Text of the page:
I used to imagine that being allergic to shellfish would be pretty damn awful because it would mean you’d never hold a soft, warm lobster roll in your hands or taste the velvety sweetness of lobster bisque on your tongue, but recently, because of a friend who is lactose intolerant and gets horrible gas when he eats cheese, I have to change my answer. Not being able to eat cheese would be the worst thing EVER.
Which is probably why my lactose intolerant friend does what I would do in the same situation, and that is completely disregard his body’s inability to deal with dairy (and his friends’ inability to deal with his flatulence) and eat it anyway. If your friends love you, they’ll love you even when you’re gassy, I suppose.
All of this crossed my mind last week when a friend (of the lactose tolerant variety) and I ate at Murray’s Cheese Bar, the restaurant/bar spinoff of perhaps my favorite store in all of Manhattan, Murray’s Cheese Shop. Murray’s, which I’ve proclaimed my love for before, is basically a cheese wonderland. They have every color, smell, texture and type of cheese you could ever want and the new Cheese Bar, just a couple of doors down, showcases a lot of those cheeses in different forms including cheese plates, dips, spreads, sandwiches, desserts and more.
My friend and I started with the fried Ellsworth Creamery buffalo cheese curds, quirky, squeaky chunks of solid, soured milk that go into the cheese making process. These looked like tater tots or boneless chicken wings in their bright reddish orange coats of tangy, hot buffalo sauce and to complete the look, they came with celery sticks and a thick, chunky Black River blue cheese dip. The way I see it, you just really can’t go wrong with cheese-on-cheese action.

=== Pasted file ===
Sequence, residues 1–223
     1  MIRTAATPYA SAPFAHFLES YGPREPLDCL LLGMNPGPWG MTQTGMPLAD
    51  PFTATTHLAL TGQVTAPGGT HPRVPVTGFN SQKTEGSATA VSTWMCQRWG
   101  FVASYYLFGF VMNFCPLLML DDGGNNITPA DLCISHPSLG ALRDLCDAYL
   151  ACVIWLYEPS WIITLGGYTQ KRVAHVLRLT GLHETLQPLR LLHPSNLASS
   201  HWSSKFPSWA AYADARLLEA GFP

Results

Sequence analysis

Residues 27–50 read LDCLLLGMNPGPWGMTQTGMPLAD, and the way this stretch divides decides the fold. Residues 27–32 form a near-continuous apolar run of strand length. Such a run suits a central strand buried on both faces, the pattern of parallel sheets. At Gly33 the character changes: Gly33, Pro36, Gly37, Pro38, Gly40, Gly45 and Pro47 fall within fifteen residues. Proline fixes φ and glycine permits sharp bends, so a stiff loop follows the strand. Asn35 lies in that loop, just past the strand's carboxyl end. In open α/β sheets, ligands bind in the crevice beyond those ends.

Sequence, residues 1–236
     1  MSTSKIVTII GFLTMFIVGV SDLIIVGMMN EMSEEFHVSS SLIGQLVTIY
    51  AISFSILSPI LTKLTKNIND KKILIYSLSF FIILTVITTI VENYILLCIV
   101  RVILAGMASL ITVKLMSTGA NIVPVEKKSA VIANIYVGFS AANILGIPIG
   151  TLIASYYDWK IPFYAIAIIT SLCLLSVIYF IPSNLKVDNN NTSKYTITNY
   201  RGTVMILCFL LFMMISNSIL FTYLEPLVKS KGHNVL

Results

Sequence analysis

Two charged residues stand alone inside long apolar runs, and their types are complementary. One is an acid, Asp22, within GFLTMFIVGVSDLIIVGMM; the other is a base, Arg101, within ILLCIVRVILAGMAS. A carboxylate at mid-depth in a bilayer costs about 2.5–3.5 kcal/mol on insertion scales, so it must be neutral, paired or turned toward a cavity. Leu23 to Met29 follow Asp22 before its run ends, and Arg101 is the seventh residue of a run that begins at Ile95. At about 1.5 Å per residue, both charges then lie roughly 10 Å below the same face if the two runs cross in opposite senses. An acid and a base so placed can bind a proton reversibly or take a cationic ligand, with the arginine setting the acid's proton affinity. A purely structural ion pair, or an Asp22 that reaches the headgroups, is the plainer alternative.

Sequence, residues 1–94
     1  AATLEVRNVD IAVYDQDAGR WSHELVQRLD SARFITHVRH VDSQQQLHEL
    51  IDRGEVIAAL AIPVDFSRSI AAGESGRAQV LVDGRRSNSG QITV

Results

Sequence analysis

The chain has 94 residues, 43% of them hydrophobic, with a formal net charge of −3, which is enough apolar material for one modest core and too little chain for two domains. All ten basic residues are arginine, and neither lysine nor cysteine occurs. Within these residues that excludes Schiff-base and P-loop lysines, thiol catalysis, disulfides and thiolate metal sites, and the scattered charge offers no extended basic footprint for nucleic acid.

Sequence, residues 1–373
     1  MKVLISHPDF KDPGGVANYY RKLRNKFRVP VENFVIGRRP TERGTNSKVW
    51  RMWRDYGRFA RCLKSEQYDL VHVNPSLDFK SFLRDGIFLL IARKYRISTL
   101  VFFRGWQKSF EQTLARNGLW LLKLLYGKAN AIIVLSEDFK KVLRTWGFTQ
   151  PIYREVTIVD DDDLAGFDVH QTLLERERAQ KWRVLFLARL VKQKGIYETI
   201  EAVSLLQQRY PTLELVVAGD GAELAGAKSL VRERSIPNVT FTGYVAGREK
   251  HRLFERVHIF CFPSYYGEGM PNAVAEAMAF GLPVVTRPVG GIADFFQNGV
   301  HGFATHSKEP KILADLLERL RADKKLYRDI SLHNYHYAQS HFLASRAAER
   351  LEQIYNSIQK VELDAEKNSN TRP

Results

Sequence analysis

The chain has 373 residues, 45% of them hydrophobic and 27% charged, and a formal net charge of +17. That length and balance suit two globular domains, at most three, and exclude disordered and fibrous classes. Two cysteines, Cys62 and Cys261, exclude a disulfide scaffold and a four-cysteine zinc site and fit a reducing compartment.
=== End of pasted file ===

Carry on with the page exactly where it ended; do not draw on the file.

In a half-hearted attempt to be healthy, my friend suggested the bibb lettuce salad from the greenmarket portion of the menu. If all salads included juicy nectarines, fat, crunchy marcona almonds, fennel, Rogue Creamery smoky blue cheese and perfectly crisp pieces of prosciutto, everyone would eat more salads and I’m pretty sure the world would be a better, happier place because of it.
To round out the savory part of our meal, we also split the rarebit cheddar burger, an openfaced, fat hunk of Ottomanelli meat topped with a thick, dark sauce made of Prairie Breeze cheddar and Left Hand Milk Stout (beer AND cheese? GENIUS.) which came in a little gravy boat of sorts so that it could be poured on to your heart’s content. (My heart was well beyond content and I’d be lying if I said the thought of pouring the sauce directly down my throat hadn’t crossed my mind.)
Finally, for something sweet, we shared the coeur de creme, made with Vermont Butter & Cheese Creamery creme fraiche Ben’s cream cheese, and at the very bottom, a jammy, tart, red currant curd. The dessert had the consistency of a thick, whipped cream cheese (which I prefer over the regular kind) and the creamy, sweetness of cheesecake, sans the crust. The red currant at the bottom of the glass was just enough to give a very subtle, fruity swirl.
All in all, a great cheese themed dinner in a fun, cute new restaurant (also good for grabbing a drink, by the way). But the best part? Being able to enjoy it without the unfortunate gastric consequences of stinking up anyone’s air.